What drought? The rains are here

Diagram: Typical human response to the drought cycle
Diagram: Typical response to the drought cycle

It's happening again. Barely into the June we've already forgotten the dry season, the drought scorched the earth, the empty Hillsborough Dam, the panic that pushed WASA to look for more water from the long-suffering artesian basins. It seems we've also forgotten water rationing, the system that barely covered basic needs much less our business requirements.
It should go without saying that Tobago should use this coming rainy season to conserve as much water as possible, just as it couldn't hurt if we try to understand that our common daily usage has risen to a point so high, rainfall and recharge in all likelihood won't cater for the next dry season. Further, we need to compound that reality, harsh as it is, with the even grimmer understanding that the watersheds are being destroyed without thought care nor compunction even as the climate itself gets hotter. The solution to Tobago's water woes is not going to be desalination - as is being touted. Desalination plants simply aren't sustainable (they are in fact complex to maintain and expensive to run). What's even worse is 'desal' as an idea, merely supports a pattern of unregulated usage - users are prone to deduce that the sea can be converted to freshwater for their comfort. It also indirectly sponsors hillside or watershed compromise by fostering the perception that technical or manmade solutions are feasible alternatives. This is ironic, in that Tobago has the first site in the world which legally provides for water security - and by extension plant and animal conservation.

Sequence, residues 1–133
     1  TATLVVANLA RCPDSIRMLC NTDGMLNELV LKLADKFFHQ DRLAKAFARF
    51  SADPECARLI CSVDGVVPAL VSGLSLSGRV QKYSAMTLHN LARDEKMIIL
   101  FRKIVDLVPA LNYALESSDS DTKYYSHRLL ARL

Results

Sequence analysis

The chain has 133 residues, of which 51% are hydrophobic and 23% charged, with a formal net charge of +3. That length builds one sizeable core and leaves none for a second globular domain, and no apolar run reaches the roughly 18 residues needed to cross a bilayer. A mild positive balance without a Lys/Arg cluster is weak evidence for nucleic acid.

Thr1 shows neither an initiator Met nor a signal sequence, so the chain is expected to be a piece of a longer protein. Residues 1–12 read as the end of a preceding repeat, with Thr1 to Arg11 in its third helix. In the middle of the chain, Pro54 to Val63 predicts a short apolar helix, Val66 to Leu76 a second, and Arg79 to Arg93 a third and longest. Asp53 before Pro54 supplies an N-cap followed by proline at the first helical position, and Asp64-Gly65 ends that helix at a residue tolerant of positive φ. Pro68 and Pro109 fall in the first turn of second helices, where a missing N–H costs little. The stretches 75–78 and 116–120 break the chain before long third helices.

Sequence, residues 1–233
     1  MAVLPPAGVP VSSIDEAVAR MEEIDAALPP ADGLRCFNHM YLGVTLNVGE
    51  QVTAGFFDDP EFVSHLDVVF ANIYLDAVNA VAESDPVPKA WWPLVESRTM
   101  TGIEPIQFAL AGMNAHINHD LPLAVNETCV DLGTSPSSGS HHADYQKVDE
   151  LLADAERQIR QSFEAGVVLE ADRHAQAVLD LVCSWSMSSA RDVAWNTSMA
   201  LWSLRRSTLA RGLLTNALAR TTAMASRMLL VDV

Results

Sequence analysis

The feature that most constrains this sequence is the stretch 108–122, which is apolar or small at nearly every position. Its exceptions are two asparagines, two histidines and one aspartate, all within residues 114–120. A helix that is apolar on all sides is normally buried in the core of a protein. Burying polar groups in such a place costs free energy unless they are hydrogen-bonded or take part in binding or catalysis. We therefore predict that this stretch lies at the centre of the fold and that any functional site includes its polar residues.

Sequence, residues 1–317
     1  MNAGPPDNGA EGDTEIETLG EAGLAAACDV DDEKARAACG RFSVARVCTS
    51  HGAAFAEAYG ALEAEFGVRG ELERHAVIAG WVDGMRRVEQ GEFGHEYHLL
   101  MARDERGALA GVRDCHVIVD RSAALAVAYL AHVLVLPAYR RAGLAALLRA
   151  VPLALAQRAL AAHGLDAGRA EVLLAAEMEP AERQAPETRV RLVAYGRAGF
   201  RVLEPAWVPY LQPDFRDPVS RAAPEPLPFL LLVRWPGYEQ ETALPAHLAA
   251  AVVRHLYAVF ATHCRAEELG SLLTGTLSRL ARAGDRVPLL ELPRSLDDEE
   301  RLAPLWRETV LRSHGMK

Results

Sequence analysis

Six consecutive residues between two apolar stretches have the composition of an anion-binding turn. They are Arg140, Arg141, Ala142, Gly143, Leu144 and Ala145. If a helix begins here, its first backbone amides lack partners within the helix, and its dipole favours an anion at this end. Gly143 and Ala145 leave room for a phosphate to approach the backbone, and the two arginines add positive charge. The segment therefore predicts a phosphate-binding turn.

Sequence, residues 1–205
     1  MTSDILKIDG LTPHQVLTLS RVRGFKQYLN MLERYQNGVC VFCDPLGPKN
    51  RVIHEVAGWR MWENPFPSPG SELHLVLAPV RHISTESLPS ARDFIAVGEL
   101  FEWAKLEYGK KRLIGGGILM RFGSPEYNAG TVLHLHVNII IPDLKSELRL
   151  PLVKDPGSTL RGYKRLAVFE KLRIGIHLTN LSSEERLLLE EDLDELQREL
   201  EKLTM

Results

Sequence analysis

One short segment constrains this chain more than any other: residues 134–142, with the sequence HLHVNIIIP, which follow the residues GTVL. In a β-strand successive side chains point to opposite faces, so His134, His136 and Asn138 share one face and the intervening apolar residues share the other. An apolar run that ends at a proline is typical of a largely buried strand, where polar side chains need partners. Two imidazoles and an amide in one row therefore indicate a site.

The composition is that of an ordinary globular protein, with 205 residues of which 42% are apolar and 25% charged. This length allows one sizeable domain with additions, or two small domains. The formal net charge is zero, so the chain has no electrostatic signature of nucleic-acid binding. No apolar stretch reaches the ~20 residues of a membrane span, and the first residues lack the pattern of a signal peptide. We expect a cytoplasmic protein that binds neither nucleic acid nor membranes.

sign at the eastern - or Roxborough side of the Main Ridge forest
Image: Sign at the eastern - or Roxborough side of the Main Ridge forest

According to the record the Main Ridge Forest Reserve was established on April 1776 by an ordinance which states in part, that the reserve is "for the purpose of attracting frequent showers of rain upon which the fertility of lands in these climates doth entirely depend." The passage of that law is attributable to Soame Jenyns, a British MP whose main responsibilities at the time were for trade and plantations with the colonies. It seems Soames was influenced by the ideas of the English scientist Stephen Hales, who was part of a fledgling movement correlating the presence of trees to rainwater. Given this Rainforest Reserve history, Tobago arguably has a responsibility to show Trinidad as well as the other islands to the north that rainwater needs to be respected, cultivated and conserved. Further, given the size of its population - almost 60,000 including transients, it has a mandate perhaps more pressing; to ensure a proper water supply over both dry and wet seasons and for perpetuity. Desalination obviously, does not factor as a viable option given its cost in dollars or to the environment. Nor will dependence on the artesian supply suffice - unless the trees are left do their job.

The wetland at the bottom of Tobago's Courland watershed
Image: The wetland at the bottom of Tobago's Courland watershed

To be fair, government has recognised the urgency attending the water supply (as well as the connection between shortage of ground water and a stressed environment). Back in 2012 the Ministry of Environment (and Energy Industries) put into play a series of events that led to the creation of the 'Improving Forests and Marine Protected Areas Project'. While the idea encompasses Climate Change Adaptation by the better management of natural spaces set aside for posterity, it stands to lead to better laws to do with protecting tree cover, reduced or at least manageable traffic on our forested spaces, and possibly a population sensitive to the factors that protect their very own survival.